LAKE OSWEGO Ore. (KPTV) – Brotherhood and belonging, Jordan Taff had both.
“You may think you know what’s going on, but you really don’t,” said Jordan’s mom, Anna Taff.
Anna and Rich Taff are in the seventh month of grieving the loss of their youngest son.
“To live life and move forward because that is what Jordan would have wanted us to do and to heal and to honor his memory because he was special,” Anna said.
Jordan was a Lake Oswego High Class of 2021 grad who could light up any locker room with his positive vibes.
“It was just the perfect storm, I think what happened,” said Rich Taff.
Jordan transferred to Lake Oswego his junior year from Wells. The new kid suited up for The Lakers in the 2019 football title game – when baseball season arrived, so too did COVID-19.
“In the back of your mind, you are always wondering, what could I have done more? Could I have said this? Could I have had this conversation?” said Jake Anders, Lake Oswego High baseball head coach.
Isolation. Separation. Anxiety. Depression.
“He basically started getting depressed in the lockdown environment, and he developed something called malignant catatonia which essentially, your body starts to shut down, you don’t speak, you don’t talk, it was very difficult,” Rich said.
No sports. No school. No connection. Jordan turned to ‘dabbing.’
“We are just seeing the effects of all of this, between school and having kids “normal” so to speak and all of the different things that are occurring with them and if you take that on top of using any kind of substance then it is going to perpetuate it even more,” Anders said.
Hospitalized at Randall’s and sent to Utah for electroconvulsive therapy, it was a two-year odyssey for the Taff family that also took Jordan to Portland’s Unity Health Center for Behavioral Health.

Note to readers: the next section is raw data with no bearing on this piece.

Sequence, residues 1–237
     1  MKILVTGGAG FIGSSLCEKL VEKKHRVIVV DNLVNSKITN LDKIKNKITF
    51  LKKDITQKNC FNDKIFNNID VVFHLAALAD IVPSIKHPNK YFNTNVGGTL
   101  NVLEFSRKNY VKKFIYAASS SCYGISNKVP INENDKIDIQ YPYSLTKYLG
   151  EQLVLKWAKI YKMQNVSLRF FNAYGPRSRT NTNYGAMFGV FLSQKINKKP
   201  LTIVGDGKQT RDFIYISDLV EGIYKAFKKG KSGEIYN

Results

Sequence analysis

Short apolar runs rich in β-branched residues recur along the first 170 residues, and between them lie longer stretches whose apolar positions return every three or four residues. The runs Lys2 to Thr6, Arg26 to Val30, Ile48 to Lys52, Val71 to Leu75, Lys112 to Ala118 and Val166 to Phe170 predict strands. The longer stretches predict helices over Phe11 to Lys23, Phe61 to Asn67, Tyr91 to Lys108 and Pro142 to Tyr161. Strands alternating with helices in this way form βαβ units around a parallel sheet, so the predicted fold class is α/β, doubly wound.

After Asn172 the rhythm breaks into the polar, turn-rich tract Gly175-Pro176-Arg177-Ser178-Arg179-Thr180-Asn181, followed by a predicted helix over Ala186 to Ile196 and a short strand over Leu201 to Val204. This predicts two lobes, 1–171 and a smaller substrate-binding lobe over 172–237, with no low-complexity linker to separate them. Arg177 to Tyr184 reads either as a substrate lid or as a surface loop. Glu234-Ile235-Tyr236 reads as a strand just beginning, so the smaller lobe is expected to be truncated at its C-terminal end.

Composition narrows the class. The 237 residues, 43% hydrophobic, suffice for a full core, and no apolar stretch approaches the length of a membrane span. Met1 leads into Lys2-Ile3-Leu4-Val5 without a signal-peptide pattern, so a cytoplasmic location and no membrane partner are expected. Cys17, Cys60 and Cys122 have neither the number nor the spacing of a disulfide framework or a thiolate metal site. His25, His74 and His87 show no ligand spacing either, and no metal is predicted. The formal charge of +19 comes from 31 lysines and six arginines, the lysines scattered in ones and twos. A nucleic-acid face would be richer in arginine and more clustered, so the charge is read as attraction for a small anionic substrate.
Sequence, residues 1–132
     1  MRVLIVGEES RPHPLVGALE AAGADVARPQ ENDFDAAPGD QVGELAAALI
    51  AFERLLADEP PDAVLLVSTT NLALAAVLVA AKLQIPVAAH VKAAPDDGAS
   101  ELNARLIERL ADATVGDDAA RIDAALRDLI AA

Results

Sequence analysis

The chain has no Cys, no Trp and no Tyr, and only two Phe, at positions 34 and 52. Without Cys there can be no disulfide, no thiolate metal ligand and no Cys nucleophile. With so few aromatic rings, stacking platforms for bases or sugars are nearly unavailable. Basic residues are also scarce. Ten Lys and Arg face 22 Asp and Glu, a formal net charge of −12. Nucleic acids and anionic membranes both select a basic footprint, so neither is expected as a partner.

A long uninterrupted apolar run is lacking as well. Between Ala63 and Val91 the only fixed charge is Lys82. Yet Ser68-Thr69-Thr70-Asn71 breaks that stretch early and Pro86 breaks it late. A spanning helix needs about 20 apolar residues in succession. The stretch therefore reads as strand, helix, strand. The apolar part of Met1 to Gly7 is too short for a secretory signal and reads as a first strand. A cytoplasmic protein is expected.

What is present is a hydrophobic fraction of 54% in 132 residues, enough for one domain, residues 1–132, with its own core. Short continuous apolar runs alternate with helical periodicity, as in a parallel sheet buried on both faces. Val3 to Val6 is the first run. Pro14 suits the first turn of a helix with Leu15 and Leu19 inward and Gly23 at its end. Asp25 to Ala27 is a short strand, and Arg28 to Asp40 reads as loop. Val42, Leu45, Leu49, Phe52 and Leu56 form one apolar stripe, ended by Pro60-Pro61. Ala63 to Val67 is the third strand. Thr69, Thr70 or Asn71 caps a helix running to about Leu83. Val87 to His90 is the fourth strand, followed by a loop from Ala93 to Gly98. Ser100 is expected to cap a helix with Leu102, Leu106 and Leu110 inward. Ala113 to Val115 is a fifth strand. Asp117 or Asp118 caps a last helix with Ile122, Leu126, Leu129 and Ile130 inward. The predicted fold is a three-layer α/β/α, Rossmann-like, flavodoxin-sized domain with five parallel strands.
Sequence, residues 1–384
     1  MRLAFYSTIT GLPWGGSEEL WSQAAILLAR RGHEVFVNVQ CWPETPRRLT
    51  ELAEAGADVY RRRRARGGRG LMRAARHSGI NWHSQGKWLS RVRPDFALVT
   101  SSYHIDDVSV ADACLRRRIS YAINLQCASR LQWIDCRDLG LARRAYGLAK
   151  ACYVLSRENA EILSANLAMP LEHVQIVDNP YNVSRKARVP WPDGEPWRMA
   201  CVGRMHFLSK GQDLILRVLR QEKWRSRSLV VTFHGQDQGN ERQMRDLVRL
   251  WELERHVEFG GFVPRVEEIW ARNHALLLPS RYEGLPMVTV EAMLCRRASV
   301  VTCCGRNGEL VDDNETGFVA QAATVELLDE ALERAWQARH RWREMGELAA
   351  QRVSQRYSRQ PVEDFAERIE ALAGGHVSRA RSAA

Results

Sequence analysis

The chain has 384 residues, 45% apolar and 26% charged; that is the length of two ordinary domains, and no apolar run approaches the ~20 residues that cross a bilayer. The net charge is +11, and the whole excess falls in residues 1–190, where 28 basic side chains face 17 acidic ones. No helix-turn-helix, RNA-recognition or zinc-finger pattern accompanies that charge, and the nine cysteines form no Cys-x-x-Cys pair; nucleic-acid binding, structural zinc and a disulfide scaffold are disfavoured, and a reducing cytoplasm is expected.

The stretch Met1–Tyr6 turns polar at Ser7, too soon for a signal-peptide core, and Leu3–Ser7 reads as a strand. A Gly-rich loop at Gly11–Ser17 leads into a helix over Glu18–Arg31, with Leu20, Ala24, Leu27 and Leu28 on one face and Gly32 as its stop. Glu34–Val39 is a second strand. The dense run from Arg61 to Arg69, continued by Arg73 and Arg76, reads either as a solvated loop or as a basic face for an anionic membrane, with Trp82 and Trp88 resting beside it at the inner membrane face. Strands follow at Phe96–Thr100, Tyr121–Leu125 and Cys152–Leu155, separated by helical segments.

“The people who work at Unity, they’re walking angels,” Rich said. “They are literally angels that walk this earth.”
Unity is a 24-hour service that offers in-patient psychiatric care and a path towards stabilization and recovery for those living through a mental health crisis,
“The mental health resources in the state of Oregon are in a terrible state, we need more hospitals, we need more resources given to people like Jordan. Anyone suffering a mental health condition, they’re just not there,” Rich said.
Jordan earned a scholarship to be a dual-sport athlete at Pacific Lutheran University. After four football games, Taff hung himself in his Tacoma dorm on Oct. 12 at the age of 18.
Friday, Jordan’s alma matter came together for the ‘L-O Kick Back’ – a students versus faculty kickball game organized by the entrepreneur class of Laker Baseball, Head Coach and Teacher, Jake Anders.
“They said they really wanted to focus on teen mental health and they really want to focus on bringing some level of excitement and activity back to the school because they hadn’t had dances, they hadn’t had assemblies,” Anders said.
Promoting community and bettering our own, all the funds collected by the kick back went directly to what Unity needs.
“Things they need for every day, things that kids do like video games or lifting weights and they don’t have a lot of that stuff so that is kind of what we are raising our money for,” Anders said.
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